### On A Conjecture By Russo

#### Charles Ashbacher

Charles Ashbacher Technologies
Hiawatha, IA USA
E-mail: 71603.522@compuserve.com

The Smarandache Square-Partial-Digital Subsequence (SSPDS) is the sequence of square integers which can be partitioned so that each element of the partition is a perfect square [1][2][3]. For example, 3249 is in SSPDS since 3249 can be partitioned into 324 = 182 and 9 = 32.

The first terms of the sequence are:

49, 144, 169, 361, 441, 1225, 1369, 1444, 1681, 1936, 3249, 4225, 4900, 11449, 12544, 14641, . . .

where the square roots are

7, 12, 13, 19, 21, 35, 37, 38, 41, 44, 57, 65, 70, 107, 112, 121, . . .

this sequence is assigned the identification code A048653[4].

L. Widmer examined this sequence and posed the following question[2]:

Is there a sequence of three or more consecutive integers whose squares are in SPDS?

For the purposes of this examination, we will assume that 0 is not a perfect square. For example, 90 will not be considered a number that can be partitioned into two perfect squares. Furthermore, elements of the partition are not allowed to have leading zeros. For example, 101 cannot be partitioned into perfect squares.

Russo[5] considered this question and concluded that the only additional solution to the Widmer question up to 3.3E+9 was

n n2Partition
12225           149450625            1,4,9,4,50625
12226           149475076            1,4,9,4,75076
12227           149499529            1,4,9,4,9,9,529

There are no four consecutive integers whose squares are in SSPDS.

The purpose of this short paper is to present several additional solutions to the Widmer question as well as a counterexample to the Russo conjecture.

A computer program was written in the language Delphi Ver. 4 and run for all numbers n, where n <= 100,000,000 and the following ten additional solutions were found

n n2Partition
376779           141962414841            1,4,1,9,6241,4,841
376780           141963168400            1,4,196,3168400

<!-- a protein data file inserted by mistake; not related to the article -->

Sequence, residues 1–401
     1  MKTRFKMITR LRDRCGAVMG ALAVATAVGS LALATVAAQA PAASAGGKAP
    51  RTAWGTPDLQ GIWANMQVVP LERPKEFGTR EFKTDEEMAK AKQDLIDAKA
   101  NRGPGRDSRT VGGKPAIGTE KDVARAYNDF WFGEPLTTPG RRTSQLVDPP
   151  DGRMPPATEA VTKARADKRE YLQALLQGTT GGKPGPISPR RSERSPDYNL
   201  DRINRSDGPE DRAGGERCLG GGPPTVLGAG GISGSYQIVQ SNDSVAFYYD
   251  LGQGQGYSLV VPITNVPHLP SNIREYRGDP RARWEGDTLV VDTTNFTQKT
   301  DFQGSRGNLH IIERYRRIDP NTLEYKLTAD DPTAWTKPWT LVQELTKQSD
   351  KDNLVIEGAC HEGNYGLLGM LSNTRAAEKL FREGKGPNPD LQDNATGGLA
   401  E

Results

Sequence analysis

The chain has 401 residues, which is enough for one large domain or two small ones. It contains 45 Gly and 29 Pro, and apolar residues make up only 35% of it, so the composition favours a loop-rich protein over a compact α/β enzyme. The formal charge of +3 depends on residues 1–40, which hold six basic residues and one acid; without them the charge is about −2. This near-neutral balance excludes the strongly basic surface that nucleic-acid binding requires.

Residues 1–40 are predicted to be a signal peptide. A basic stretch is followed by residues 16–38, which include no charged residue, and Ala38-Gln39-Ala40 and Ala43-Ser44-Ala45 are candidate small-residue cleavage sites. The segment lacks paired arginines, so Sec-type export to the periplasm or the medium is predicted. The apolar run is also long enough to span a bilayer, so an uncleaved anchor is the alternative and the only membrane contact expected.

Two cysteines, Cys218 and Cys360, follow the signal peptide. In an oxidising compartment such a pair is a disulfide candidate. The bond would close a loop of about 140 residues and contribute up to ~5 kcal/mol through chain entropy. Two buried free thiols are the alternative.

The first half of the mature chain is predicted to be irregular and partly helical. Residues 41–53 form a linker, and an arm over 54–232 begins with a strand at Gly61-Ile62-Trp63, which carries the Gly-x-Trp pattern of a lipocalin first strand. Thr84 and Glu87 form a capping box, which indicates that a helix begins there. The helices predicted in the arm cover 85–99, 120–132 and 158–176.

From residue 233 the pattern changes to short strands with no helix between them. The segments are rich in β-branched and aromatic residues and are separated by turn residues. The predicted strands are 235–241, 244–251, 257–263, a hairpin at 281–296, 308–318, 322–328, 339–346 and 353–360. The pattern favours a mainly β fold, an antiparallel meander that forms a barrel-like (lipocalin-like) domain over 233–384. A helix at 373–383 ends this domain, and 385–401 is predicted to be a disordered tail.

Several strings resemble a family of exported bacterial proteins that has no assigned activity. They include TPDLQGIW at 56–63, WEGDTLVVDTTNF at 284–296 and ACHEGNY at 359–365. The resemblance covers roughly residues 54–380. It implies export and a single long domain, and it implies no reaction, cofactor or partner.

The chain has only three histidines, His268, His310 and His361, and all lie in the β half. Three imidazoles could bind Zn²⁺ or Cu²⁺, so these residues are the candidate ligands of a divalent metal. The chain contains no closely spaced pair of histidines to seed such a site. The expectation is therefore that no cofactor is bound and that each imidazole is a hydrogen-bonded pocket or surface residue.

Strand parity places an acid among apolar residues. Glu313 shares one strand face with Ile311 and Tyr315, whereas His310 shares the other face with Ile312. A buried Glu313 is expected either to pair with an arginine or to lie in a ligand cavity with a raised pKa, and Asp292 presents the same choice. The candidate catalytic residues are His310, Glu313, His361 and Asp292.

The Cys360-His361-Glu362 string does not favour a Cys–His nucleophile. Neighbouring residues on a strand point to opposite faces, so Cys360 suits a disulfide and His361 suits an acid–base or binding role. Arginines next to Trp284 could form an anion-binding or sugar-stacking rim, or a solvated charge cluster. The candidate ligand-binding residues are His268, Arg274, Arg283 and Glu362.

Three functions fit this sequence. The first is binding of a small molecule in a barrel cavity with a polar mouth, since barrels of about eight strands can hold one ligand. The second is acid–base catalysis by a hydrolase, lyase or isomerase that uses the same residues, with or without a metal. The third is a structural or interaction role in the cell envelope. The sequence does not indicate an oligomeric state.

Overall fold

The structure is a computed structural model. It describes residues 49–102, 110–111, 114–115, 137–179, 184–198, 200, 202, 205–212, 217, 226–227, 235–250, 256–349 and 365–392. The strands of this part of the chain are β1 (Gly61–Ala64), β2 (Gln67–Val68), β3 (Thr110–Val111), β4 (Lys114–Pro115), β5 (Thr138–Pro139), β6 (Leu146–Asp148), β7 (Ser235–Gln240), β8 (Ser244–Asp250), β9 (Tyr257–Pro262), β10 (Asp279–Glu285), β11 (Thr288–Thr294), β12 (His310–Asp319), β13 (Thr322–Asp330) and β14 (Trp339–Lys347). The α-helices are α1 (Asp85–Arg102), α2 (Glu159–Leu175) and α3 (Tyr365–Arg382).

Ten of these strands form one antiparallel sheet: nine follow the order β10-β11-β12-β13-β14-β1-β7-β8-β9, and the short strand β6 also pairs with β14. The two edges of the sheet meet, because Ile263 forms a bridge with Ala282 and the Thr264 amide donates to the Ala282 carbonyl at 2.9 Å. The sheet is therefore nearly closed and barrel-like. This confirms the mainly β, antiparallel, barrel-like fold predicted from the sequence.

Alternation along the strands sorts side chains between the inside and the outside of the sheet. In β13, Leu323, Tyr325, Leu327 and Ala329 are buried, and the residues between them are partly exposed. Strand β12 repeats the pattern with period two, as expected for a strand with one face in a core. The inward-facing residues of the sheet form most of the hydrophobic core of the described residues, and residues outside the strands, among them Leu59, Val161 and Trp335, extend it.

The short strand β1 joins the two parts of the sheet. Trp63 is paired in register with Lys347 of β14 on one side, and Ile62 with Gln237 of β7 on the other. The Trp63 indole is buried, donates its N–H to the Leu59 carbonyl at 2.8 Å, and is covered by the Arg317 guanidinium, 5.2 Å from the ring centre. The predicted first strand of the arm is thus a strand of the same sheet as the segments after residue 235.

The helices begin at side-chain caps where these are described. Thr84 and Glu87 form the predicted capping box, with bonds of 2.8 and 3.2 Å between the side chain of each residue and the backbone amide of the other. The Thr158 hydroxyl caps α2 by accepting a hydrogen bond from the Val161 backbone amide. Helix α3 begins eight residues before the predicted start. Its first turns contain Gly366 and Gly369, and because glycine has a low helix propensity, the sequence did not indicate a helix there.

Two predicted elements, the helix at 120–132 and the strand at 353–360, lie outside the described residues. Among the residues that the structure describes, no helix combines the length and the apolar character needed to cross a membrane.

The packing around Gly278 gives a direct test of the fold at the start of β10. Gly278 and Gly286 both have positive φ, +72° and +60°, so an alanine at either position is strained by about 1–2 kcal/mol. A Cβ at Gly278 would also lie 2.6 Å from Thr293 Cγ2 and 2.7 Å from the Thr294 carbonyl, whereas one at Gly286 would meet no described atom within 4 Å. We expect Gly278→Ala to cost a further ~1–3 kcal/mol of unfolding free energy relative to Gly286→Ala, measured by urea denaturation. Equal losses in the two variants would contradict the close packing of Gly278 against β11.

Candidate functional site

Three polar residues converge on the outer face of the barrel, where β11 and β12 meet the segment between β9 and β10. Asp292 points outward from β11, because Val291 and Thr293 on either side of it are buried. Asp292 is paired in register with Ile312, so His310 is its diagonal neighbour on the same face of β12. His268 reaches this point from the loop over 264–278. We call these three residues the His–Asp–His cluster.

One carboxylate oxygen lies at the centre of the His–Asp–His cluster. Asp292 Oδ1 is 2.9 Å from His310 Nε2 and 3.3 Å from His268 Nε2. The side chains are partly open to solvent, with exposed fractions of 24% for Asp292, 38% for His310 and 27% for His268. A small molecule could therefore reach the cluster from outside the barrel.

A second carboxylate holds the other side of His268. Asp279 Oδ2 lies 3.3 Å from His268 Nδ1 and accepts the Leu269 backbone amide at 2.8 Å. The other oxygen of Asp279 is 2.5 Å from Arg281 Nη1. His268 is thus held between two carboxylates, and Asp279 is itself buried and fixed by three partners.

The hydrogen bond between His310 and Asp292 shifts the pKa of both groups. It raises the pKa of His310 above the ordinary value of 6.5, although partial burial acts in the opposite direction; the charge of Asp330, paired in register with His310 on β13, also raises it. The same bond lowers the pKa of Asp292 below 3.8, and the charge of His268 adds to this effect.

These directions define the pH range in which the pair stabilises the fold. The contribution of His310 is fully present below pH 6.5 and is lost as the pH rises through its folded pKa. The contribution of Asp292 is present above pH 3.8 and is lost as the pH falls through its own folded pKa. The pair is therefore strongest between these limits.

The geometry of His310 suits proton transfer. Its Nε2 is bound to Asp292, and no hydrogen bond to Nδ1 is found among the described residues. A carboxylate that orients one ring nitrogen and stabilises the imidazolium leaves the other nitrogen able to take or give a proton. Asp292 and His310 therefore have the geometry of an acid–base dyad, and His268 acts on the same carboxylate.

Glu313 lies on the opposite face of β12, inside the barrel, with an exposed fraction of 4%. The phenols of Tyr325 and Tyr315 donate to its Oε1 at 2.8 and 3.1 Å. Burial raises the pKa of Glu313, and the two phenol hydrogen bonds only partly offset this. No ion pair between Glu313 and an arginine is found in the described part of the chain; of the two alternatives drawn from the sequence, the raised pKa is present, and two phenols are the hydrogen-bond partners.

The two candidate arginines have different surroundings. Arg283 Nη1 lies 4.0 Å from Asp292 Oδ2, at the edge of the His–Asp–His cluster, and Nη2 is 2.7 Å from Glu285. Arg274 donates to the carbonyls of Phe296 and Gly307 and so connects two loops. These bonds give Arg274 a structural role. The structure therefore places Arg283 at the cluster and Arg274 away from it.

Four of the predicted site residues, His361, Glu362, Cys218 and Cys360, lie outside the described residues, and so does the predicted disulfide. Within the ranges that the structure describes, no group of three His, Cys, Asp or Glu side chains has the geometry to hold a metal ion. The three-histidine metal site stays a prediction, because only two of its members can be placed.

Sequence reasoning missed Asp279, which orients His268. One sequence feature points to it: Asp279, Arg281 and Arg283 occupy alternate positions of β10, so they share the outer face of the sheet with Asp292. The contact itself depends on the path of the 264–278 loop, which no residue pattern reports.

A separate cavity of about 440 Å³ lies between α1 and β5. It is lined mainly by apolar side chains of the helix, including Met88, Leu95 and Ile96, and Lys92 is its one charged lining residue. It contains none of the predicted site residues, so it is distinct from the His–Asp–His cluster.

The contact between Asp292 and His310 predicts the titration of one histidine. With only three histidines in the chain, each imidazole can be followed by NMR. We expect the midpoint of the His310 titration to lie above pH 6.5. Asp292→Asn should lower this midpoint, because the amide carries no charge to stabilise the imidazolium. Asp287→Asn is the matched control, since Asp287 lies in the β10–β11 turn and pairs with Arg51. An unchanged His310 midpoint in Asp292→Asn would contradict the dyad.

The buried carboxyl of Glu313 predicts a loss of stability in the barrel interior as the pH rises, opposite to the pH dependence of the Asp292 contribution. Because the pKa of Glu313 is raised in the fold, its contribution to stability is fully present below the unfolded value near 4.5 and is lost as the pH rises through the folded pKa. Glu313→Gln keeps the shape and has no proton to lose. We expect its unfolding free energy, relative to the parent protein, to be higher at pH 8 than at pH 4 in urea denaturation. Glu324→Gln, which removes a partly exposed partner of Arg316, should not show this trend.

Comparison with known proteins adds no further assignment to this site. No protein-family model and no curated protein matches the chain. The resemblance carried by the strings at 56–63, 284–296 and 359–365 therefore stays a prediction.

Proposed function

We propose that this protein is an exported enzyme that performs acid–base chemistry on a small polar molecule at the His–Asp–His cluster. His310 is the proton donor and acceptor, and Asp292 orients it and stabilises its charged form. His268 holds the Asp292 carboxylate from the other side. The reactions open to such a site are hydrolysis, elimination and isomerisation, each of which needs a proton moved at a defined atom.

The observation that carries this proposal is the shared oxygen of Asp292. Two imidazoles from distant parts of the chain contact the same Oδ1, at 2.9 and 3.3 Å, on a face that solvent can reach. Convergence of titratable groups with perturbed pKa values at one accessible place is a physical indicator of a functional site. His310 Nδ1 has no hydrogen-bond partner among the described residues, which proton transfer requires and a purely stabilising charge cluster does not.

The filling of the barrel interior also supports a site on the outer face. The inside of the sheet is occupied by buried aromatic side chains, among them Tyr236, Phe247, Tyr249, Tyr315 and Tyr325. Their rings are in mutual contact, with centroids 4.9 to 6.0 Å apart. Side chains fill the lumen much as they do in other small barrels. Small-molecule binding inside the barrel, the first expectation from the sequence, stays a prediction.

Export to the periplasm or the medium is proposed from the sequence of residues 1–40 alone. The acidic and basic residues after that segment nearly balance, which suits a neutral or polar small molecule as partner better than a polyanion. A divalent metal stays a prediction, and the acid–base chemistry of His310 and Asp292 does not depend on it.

376781           141963921961            1,4,196392196,1

n n2Partition
974379           949414435641            9,4,9,4,1,4,4356,4,1
974380           949416384400            9,4,9,4,16,384400
974381           949418333161            9,4,9,4,1833316,1

n n2Partition
999055           998110893025            9,9,81,1089,3025
999056           998112891136            9,9,81,1,289,1,1,36
999057           998114889249            9,9,81,1,4,889249

n n2Partition
999056           998112891136            9,9,81,1,289,1,1,36
999057           998114889249            9,9,81,1,4,889249
999058           998116887364            9,9,81,16,887364

n n2Partition
2000341           4001364116281            400,1,36,4,116281
2000342           4001368116964            400,1,36,81,16,9,64
2000343           4001372117649            400,1,3721,1764,9

n n2Partition
2063955           4259910242025            4,25,9,9,1024,2025
2063956           4259914369936            4,25,9,9,1,4,36,9,9,36
2063957           4259918497849            4,25,9,9,1849,784,9

n n2Partition
2083941           4342810091481            43428100,9,1,4,81
2083942           4342814259364            434281,4,25,9,36,4
2083943           4342818427249            434281,842724,9

n n2Partition
4700204           22091917641616            2209,1,9,1764,16,16
4700205           22091927042025            2209,1,9,2704,2025
4700206           22091936442436            2209,1,9,36,4,42436

n n2Partition
5500374           30254114139876            3025,4,1,1,4,139876
5500375           30254125140625            3025,4,1,25,140625
5500376           30254136141376            3025,4,1,36,141376

n n2Partition
80001024           6400163841048576            6400,16384,1048576
80001025           6400164001050625            6400,1,6400,1050625
80001026           6400164161052676            6400,1,64,16,1052676

n n2Partition
92000649           8464119416421201            8464,1,1,9,4,16,421201
92000650           8464119600422500            8464,1,19600,4,22500
92000651           8464119784423801            8464,1,1,9,784,423801

Pay particular attention to the four consecutive numbers 999055, 999056, 999057 and 999058. These four numbers are a counterexample to the conjecture by Russo.

Given the frequency of three consecutive integers whose squares are in SSPDS, the following conjecture is made:

There are an infinite number of three consecutive integer sequences whose squares are in SSPDS.

In terms of larger sequences, the following conjecture also appears to be a safe one:

There is an upper limit to the length of consecutive integer sequences whose squares are in SSPDS.

We close with an unsolved question:

What is the length of the largest sequence of consecutive integers whose squares are in SSPDS?

### References

[1] Sylvester Smith, "A Set of Conjectures on Smarandache Sequences", Bulletin of Pure and Applied Sciences, (Bombay, India), Vol. 15 E (No. 1), 1996, 101-107.

[2] L.Widmer, "Construction of Elements of the Smarandache Square-Partial-Digital Sequence", Smarandache Notions Journal, Vol. 8, No. 1-2-3, 1997, 145-146.

[3] C. Dumitrescu and V. Seleacu, Some notions and questions in Number Theory, Erhus University Press, Glendale, Arizona, 1994.

[4] N. Sloane, "On-line Encyclopedia of Integer Sequences", http://www.research.att.com/~njas/sequences.

[5] F. Russo, "On An Unsolved Question About the Smarandache Square-Partial-Digital Subsequence" http://fs.unm.edu/russo1.htm.